By Ray Pride



The Academy Award®-Nominated Producer Proves Instrumental In Building Atlas’ Business Across TV & Film


(LOS ANGELES, CA) May 30, 2018 – Today, Atlas Entertainment’s Founder/CEO Charles Roven announced that the company has elevated longtime executive and veteran producer, Richard Suckle, to the position of President, effective immediately.  In his new role, Suckle will work closely with Roven to guide the direction of the company, mentor its creative executives and continue producing acclaimed projects.

“Richard is an incredible producer and has been an invaluable asset in the 26 years that he has been a part of the Atlas family,” said Roven, “I admire his impeccable taste and his commitment to growing Atlas. I feel incredibly fortunate to have the opportunity to continue working with him in a greater capacity.”

Suckle added, “I am honored to expand my role at the company and to partner alongside Chuck, who I deeply respect as a colleague, mentor and friend.  Atlas has been my home for many years and I am thrilled to continue collaborating with our incredibly talented team here in a more meaningful way.”

An Academy Award®-nominated and Golden Globe®-winning producer, Suckle, along with Roven, produced David O. Russell’s critically acclaimed box office hit, American Hustle. The film won three BAFTA awards and was nominated for ten Academy Awards® including a Best Picture nomination. It also received seven Golden Globe® nominations, winning three including Best Motion Picture – Comedy or Musical. Most recently, Roven and Suckle produced Patty Jenkins’ Wonder Woman, which was the highest-grossing live-action movie directed by a woman and was nominated for the Darryl F. Zanuck Award for Outstanding Producer of Theatrical Motion Pictures by the PGA. Additionally, the pair produced David Ayer’s Suicide Squad, which is one of the 100 top-grossing films of all time. Roven and Suckle have also been involved in producing branded, franchise properties like the $275-million-plus worldwide box office hit Scooby-Doo, and its sequel, Scooby-Doo 2: Monsters Unleashed.

Suckle has been instrumental in growing Atlas’ presence on the television front.  He is an executive producer on Syfy’s 12 Monkeys, based on the 1995 Academy Award®-nominated Atlas-produced film of the same name, which will return for its fourth and final season on June 15, 2018.  He also brought the upcoming true-crime, scripted anthology series Dirty John to Atlas, which is currently in pre-production and stars Connie Britton and Eric Bana.  The series, which received a two season, straight to series order from Bravo, is set to premiere in last quarter of 2018.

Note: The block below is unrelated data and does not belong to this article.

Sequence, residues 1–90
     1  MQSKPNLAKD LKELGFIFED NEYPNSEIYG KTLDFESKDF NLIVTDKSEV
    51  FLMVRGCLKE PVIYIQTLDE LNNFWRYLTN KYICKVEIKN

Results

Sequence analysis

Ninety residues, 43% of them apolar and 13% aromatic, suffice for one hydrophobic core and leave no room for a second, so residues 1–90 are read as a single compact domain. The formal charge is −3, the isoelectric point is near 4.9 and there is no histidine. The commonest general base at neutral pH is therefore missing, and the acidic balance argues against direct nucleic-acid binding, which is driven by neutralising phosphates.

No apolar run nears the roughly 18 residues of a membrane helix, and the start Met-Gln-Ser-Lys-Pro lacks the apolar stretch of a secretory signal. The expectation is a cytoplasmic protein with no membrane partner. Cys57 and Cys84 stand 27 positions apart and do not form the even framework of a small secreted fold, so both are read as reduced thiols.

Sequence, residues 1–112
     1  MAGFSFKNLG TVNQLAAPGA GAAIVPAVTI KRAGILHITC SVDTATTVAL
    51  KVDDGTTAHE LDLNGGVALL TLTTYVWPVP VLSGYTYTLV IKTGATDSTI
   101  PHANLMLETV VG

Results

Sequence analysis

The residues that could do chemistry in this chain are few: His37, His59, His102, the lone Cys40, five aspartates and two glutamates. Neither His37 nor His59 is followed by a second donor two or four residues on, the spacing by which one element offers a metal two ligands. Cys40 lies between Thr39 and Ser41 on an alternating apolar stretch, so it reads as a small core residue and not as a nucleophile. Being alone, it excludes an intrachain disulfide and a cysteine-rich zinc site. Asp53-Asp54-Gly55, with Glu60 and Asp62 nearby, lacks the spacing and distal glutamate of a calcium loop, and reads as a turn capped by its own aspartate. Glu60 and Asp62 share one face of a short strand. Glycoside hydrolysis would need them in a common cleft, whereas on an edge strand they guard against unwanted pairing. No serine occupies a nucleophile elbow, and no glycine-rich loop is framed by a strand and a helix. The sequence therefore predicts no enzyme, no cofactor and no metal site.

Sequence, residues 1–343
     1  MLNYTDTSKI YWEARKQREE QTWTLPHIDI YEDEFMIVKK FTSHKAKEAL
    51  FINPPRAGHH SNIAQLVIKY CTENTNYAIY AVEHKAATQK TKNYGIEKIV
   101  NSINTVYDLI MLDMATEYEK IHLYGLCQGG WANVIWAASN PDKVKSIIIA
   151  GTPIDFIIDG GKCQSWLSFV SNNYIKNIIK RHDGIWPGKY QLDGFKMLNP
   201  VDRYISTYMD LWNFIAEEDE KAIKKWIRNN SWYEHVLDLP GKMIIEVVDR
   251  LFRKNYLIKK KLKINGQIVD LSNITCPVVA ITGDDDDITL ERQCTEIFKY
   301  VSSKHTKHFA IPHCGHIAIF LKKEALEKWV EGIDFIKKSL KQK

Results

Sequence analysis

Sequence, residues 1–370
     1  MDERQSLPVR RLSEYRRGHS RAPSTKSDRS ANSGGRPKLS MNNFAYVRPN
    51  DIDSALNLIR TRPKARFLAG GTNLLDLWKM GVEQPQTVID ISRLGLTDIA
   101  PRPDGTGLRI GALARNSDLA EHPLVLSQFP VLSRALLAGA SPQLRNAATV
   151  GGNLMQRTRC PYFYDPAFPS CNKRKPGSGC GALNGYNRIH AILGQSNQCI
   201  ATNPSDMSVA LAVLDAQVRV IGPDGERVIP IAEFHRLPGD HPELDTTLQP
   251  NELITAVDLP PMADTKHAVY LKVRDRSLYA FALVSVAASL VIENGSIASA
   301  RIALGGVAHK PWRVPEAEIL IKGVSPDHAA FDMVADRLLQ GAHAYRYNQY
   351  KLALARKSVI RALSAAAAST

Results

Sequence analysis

Suckle joined Atlas in 1992 as Roven’s assistant and quickly moved up the ranks— becoming a producing partner of Roven’s.  Prior to joining Atlas, Suckle gained experience in the music industry at public relations firm Shore Fire Media, where he worked with Grammy® Award-winning artists Wynton Marsalis and Bruce Springsteen.  Suckle started his career on Broadway at the general management firm Gatchell & Neufeld, working on Andrew Lloyd Webber’s Aspects of Love and the Tony® Award Winners Lettice & Lovage and City of Angels.

The Atlas team further includes longtime producer Alex Gartner and executives Andy Horwitz, Curt Kanemoto, Rebecca Roven Oakley, Topher Rhys Lawrence, Madison Weireter, Melinda Whitaker, Robert Amidon and Elise Iglesias.

Currently, Atlas is in production on J.C. Chandor’s Triple Frontier, starring Ben Affleck, Oscar Isaac, Charlie Hunnam, Garrett Hedlund and Pedro Pascal and produced by Roven, Gartner, and Horowitz, which will be released by Netflix, as well as Wonder Woman 2, which Roven is producing and Suckle and Roven Oakley are executive producing for Warner Bros.

Since its inception, Atlas Entertainment has produced tent pole films, independent features, and television shows— collectively generating billions of dollars in revenue. At the global theatrical box office, Atlas’ films have earned over $2 billion in 2016 and over $1.6 billion in 2017.


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“Ten years ago at Telluride, I said on a panel that theatrical distribution was dying. It seemed obvious to me. I was surprised how many in the audience violently objected: ‘People will always want to go to the movies!’ That’s true, but it’s also true that theatrical cinema as we once knew it has died. Theatrical cinema is now Event Cinema, just as theatrical plays and musical performances are Events. No one just goes to a movie. It’s a planned occasion. Four types of Event Cinema remain.
1. Spectacle (IMAX-style blockbusters)
2. Family (cartoon like features)
3. Horror (teen-driven), and
4. Film Club (formerly arthouse but now anything serious).

There are isolated pockets like black cinema, romcom, girl’s-night-out, seniors, teen gross-outs, but it’s primarily those four. Everything else is TV. Now I have to go back to episode five of ‘Looming Tower.'”
~ Paul Schrader

“Because of my relative candor on Twitter regarding why I quit my day job, my DMs have overflowed with similar stories from colleagues around the globe. These peeks behind the curtains of film festivals, venues, distributors and funding bodies weren’t pretty. Certain dismal patterns recurred (and resonated): Boards who don’t engage with or even understand their organization’s artistic mission and are insensitive to the diverse neighborhood in which their organization’s venue is located; incompetent founders and/or presidents who create only obstacles, never solutions; unduly empowered, Trumpian bean counters who chip away at the taste and experiences that make organizations’ cultural offerings special; expensive PR teams that don’t bring to the table a bare-minimum familiarity with the rich subcultural art form they’re half-heartedly peddling as “product”; nonprofit arts organizations for whom art now ranks as a distant-second goal behind profit.”
~ Eric Allen Hatch